After generations of bootlegging, direct descendants of the Hatfields have teamed up with the McCoy name to produce legal moonshine in southern West Virginia with the state's blessing — the start of a new legacy for the families made famous for their 19th-century feud.
A poll conducted by business mobility firm Catavolt found a majority of manufacturers plan to increase their use of mobile apps this year.
About 3,800 workers have walked off the job at nine refineries across the country after the contract between the United Steelworkers Union and oil companies expired Sunday.
U.S. factories expanded last month at the slowest pace in a year, as orders, production, and hiring all declined. The figures suggested manufacturing may not add much to growth in the first few months of 2015.
Last year's Manufacturing Day campaign involved nearly 400,000 participants at 1,679 total events, organizers said, smashing participation goals for the year.
At least 51 families will get payments from General Motors due to fatal crashes caused by faulty small-car ignition switches, and that number is almost certain to rise.
Indiana's steel industry, which many hoped would be on the upswing after the end of the Great Recession, is struggling under the weight of cheap oil, a strong dollar and low prices, leading to hundreds of layoffs in just one week and uncertainty about the future.
Officials say at least 13 people are dead after a fire swept through a plastic packaging factory in Bangladesh's capital, Dhaka.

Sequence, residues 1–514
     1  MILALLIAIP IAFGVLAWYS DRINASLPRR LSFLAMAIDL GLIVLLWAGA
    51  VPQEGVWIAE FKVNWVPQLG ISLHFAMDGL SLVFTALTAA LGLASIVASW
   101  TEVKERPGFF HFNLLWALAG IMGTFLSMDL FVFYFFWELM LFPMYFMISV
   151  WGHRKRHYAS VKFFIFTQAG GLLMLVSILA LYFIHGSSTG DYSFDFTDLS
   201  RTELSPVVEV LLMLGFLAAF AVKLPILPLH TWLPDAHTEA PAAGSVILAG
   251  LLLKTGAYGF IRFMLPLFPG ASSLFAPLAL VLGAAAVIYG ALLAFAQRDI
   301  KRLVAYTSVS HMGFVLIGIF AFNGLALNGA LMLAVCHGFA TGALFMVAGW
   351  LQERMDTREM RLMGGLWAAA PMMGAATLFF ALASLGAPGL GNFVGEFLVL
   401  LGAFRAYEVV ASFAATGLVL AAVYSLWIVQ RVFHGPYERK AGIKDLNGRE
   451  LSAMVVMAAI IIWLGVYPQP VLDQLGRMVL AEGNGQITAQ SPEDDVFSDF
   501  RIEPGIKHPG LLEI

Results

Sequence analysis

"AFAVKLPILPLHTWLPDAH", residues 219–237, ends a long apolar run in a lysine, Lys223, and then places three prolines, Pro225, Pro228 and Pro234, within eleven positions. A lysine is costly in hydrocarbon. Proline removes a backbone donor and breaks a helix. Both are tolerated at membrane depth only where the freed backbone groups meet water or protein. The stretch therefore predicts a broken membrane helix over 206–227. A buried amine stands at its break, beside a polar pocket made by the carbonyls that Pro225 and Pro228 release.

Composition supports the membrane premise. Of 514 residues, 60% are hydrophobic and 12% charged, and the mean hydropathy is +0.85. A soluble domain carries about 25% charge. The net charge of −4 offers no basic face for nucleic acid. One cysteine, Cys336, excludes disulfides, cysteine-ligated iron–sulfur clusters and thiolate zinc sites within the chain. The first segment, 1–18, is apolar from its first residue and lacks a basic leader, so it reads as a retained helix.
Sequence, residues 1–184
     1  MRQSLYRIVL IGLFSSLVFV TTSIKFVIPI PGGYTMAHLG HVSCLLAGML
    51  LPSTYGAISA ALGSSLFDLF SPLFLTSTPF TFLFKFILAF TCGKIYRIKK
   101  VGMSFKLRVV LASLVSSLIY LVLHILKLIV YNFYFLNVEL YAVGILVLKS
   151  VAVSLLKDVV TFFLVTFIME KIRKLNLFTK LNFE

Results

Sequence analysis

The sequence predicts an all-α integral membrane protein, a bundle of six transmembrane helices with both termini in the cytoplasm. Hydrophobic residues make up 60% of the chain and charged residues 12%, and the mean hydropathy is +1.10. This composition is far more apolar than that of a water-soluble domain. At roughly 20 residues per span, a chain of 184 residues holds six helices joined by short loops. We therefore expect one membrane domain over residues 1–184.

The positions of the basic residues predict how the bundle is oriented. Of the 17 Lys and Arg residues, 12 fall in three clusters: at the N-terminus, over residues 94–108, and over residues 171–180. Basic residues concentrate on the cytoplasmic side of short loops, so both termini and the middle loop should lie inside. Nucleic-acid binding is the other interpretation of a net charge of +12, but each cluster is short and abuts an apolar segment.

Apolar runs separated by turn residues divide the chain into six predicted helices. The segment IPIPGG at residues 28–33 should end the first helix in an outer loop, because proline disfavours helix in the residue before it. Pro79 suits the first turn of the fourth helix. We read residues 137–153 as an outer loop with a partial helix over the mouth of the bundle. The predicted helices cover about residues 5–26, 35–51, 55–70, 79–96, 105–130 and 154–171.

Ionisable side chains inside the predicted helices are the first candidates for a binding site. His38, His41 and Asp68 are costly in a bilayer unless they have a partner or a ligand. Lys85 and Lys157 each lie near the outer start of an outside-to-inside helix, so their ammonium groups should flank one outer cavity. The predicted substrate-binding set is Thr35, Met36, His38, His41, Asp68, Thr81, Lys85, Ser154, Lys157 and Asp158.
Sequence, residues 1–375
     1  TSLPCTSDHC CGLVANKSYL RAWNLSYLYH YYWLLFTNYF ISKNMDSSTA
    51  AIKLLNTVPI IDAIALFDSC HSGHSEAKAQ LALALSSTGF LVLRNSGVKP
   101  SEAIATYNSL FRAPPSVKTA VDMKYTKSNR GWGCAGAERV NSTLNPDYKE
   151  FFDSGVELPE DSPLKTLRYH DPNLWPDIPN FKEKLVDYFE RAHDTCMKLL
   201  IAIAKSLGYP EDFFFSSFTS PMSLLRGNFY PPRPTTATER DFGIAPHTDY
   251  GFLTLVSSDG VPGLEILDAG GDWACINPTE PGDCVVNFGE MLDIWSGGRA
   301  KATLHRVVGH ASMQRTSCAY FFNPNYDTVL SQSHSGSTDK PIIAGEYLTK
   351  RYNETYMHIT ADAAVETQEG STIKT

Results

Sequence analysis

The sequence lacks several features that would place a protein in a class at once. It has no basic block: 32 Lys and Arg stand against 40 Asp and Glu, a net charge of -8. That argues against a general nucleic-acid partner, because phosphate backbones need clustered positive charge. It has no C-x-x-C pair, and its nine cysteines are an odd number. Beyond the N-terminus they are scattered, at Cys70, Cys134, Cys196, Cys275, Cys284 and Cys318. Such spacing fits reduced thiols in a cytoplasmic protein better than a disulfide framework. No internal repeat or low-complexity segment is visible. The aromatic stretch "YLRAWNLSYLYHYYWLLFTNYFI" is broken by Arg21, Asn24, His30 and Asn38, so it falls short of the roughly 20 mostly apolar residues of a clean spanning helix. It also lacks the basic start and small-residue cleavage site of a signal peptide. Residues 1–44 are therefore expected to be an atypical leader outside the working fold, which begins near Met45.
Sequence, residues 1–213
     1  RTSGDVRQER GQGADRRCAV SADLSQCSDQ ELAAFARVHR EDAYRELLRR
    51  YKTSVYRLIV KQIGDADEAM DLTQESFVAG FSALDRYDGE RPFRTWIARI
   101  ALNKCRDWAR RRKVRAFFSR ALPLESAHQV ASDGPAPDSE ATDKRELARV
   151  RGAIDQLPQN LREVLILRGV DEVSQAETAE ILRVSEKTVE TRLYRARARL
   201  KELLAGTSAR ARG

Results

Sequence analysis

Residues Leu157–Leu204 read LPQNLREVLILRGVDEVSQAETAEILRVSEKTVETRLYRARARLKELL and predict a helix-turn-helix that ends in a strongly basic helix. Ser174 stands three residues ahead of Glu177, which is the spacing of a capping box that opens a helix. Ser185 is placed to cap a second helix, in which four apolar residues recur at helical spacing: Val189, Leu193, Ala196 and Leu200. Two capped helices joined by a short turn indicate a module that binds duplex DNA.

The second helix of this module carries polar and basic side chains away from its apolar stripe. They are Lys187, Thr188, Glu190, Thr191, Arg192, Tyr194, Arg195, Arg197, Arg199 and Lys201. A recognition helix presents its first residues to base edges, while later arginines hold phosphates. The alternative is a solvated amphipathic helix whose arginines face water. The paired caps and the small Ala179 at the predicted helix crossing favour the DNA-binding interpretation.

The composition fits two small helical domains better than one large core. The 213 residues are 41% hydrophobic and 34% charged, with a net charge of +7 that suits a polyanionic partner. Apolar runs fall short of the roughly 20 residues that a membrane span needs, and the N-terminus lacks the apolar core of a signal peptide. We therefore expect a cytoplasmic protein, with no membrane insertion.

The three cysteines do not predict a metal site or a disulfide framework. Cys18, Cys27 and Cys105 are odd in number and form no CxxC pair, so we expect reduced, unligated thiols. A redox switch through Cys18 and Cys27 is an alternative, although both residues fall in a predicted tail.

More than 2 million Toyota, Chrysler and Honda vehicles are being recalled for a second fix for faulty air bags that may inadvertently inflate while the car is running.
Two reports show that Chinese manufacturing was anemic in January, adding to pressure on the government to roll out measures to boost the world's No. 2 economy.
Year-end reports issued by federal officials show an improving economy, though growth remains slow and not without its hiccups. A new poll, however, says U.S. consumers are feeling better about the economy than at any point in the last decade.
From the end of 2014, solar deployment is slated to be up nearly 40% over 2013. Today, the booming demand for solar energy supports more than 173,000 jobs and the U.S. has become the third largest solar market in the world.
Daimler Trucks North America has settled discrimination complaints filed by six workers at its Portland plant by agreeing to pay $2.4 million.
This week, a pipe in West Virginia became at least the fifth to rupture so far this year, exacerbating concerns about structural weaknesses and lax oversight in the industry.
U.S. workers saw their pay and benefits rise at the fastest rate since 2008 last year, according to the U.S. Department of Labor.
The Republican-controlled Senate on Thursday approved a bipartisan bill to construct the Keystone XL oil pipeline, defying a presidential veto threat and setting up the first of many battles with the White House over energy and the environment.
Federal safety regulators are looking into the death of a Texas man who may be the latest victim of exploding automobile air bags made by Takata Corp. of Japan.
BP is selling part of its stake in an emerging oil-producing region in the Gulf of Mexico to Chevron, and the two companies, along with Conoco Phillips, will work to develop the fields together.
The Federal Reserve's outlook for the U.S. economy is steadily brightening. Yet the Fed will be "patient" in raising interest rates from record lows.
A leading global automotive supplier plans to build a new facility in McMinn County, Tennessee that's expected to create as many as 400 new jobs.